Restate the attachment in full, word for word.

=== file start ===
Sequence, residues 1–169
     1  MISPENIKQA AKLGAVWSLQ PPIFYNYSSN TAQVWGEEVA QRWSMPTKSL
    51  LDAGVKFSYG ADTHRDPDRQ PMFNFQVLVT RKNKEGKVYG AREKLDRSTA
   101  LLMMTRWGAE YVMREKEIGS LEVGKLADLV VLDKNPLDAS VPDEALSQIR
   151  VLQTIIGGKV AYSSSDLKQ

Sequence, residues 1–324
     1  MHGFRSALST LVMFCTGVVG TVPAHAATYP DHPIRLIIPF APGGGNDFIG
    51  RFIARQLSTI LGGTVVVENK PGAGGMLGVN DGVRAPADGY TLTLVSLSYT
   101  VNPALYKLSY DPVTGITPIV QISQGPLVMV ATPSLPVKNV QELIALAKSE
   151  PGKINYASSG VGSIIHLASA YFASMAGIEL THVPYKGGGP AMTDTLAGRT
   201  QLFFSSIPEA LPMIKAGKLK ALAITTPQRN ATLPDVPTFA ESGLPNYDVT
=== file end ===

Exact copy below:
Sequence, residues 1–169
     1  MISPENIKQA AKLGAVWSLQ PPIFYNYSSN TAQVWGEEVA QRWSMPTKSL
    51  LDAGVKFSYG ADTHRDPDRQ PMFNFQVLVT RKNKEGKVYG AREKLDRSTA
   101  LLMMTRWGAE YVMREKEIGS LEVGKLADLV VLDKNPLDAS VPDEALSQIR
   151  VLQTIIGGKV AYSSSDLKQ

Sequence, residues 1–324
     1  MHGFRSALST LVMFCTGVVG TVPAHAATYP DHPIRLIIPF APGGGNDFIG
    51  RFIARQLSTI LGGTVVVENK PGAGGMLGVN DGVRAPADGY TLTLVSLSYT
   101  VNPALYKLSY DPVTGITPIV QISQGPLVMV ATPSLPVKNV QELIALAKSE
   151  PGKINYASSG VGSIIHLASA YFASMAGIEL THVPYKGGGP AMTDTLAGRT
   201  QLFFSSIPEA LPMIKAGKLK ALAITTPQRN ATLPDVPTFA ESGLPNYDVT